Cuba criticizes ruling in ex-CIA agent's case

A top Cuban official denounced on Saturday a Texas jury's acquittal of a former CIA agent as a "shameful farce" that showed both the defendant and the U.S. government are liars.

In a telephone interview with The Associated Press, Cuban Parliament Chief Ricardo Alarcon was highly critical of the federal judge presiding over the three-month trial, Kathleen Cardone, saying she did not allow jurors to see evidence that would have persuaded them to find Luis Posada Carriles guilty.

"The stupid and shameful farce is over," Alarcon said of the trial into allegations Posada lied during U.S. immigration hearings. "There were things the jury did not know ... particularly since the judge prohibited them from being told."

The Venezuelan government also condemned the verdict. The country's foreign ministry issued a statement Friday calling the trial an act of "theater" staged by U.S. authorities "to continue protecting the terrorist."

Posada, 83, a Cuban native, worked for decades to destabilize communist governments throughout Latin America and was often supported by Washington. He is Public Enemy No. 1 in Cuba, where he is believed to have been behind a series of hotel bombings that killed an Italian tourist and wounded about 12 other people in 1997.

Posada's alleged involvement in those attacks was central to the trial in El Paso, Texas, which wrapped up Friday with a not-guilty verdict. Posada was not charged directly with the attacks, but rather with lying about his role in an immigration hearing after he sneaked into the U.S. in 2005 and sought political asylum.

Posada said in a 1998 interview with The New York Times that he planned the bombings, but later recanted. During the trial, jurors heard more than two hours of recordings from those interviews, but apparently were not swayed.

Posada also participated in the doomed Bay of Pigs invasion, served as a 2nd lieutenant in the U.S. Army and was a CIA operative until 1976. He then moved to Venezuela and served as head of that country's intelligence service.

He was arrested for planning the 1976 bombing of a Cuban airliner that killed 73 people, but was acquitted by a Venezuelan military tribunal, then escaped from prison while still facing a civilian trial.

Posada helped the U.S. funnel support to Nicaraguan Contra rebels in the 1980s, and, in 2000, was arrested in Panama amid a plot to kill then-Cuban President Fidel Castro during a summit there. He was pardoned by Panama's president in 2004 and turned up in the U.S. the following March.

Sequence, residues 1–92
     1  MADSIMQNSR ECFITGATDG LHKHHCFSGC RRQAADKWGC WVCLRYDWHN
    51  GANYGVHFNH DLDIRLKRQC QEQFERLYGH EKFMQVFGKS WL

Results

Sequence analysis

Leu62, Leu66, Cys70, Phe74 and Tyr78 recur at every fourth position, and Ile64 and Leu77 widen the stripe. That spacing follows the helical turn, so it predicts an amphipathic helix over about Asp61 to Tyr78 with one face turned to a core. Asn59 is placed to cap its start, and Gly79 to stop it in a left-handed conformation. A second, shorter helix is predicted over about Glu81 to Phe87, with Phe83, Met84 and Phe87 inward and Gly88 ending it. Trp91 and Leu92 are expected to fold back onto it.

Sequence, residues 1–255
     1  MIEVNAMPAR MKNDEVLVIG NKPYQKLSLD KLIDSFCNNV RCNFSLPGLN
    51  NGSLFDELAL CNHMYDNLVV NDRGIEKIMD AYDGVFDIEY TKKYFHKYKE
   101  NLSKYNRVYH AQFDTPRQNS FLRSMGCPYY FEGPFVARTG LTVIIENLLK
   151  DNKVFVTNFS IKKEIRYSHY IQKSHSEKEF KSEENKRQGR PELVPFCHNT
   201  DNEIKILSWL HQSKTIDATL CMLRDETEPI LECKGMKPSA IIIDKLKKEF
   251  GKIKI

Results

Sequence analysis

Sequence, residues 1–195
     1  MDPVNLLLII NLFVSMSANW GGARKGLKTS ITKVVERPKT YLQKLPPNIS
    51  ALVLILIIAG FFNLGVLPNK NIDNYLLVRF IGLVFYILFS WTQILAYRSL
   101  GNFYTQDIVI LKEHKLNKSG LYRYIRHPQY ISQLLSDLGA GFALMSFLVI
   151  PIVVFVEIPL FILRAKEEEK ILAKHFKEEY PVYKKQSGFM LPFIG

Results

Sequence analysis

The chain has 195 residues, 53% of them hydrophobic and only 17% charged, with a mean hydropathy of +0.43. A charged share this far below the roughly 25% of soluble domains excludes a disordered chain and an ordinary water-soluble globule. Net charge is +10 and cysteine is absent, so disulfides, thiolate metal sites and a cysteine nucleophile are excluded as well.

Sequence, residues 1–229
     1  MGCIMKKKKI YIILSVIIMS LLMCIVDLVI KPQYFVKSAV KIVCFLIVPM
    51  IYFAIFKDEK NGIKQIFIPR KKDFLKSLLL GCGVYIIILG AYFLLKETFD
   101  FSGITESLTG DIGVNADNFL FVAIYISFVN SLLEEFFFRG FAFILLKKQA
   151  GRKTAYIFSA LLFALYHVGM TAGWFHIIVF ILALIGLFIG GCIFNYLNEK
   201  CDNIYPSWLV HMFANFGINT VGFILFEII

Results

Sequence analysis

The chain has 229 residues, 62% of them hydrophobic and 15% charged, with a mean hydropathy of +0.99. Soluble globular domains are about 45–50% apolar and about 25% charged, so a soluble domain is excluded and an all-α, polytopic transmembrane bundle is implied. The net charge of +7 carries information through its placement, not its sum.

Cuba has long demanded Washington take action against Posada for his past, not just for the lesser crime of lying to immigration officers, a point Alarcon made again Saturday.

"The U.S. government is as much a liar as he is because it converted an assassin who has been sought for decades into a simple old liar," he said.

Some observers believe the verdict in Posada's case will not be good news for Alan Gross, a U.S. government subcontractor sentenced last month to 15 years in prison for bringing communications equipment into Cuba illegally while working on a USAID-funded democracy program.

The U.S. government has demanded his immediate release, and Gross' family and others have pleaded with Cuba to let the 61-year-old Maryland native go free on humanitarian grounds. U.S. officials have said privately that they have received signals from the Cuban government that Gross would ultimately be freed, but hopes dimmed somewhat after former U.S. President Jimmy Carter visited the island last month — only to leave empty-handed.

Alarcon said the two cases have nothing to do with each other, and insisted the Texas jury's verdict would have no bearing on Cuba's handling of the Gross case.

"These are completely distinct and separate things," Alarcon said. "We don't act like that. When we accuse someone, we are doing it because we have proof and we are not making it up. We don't accuse someone of being a liar or a bad person. We accuse them of having violated Cuban law."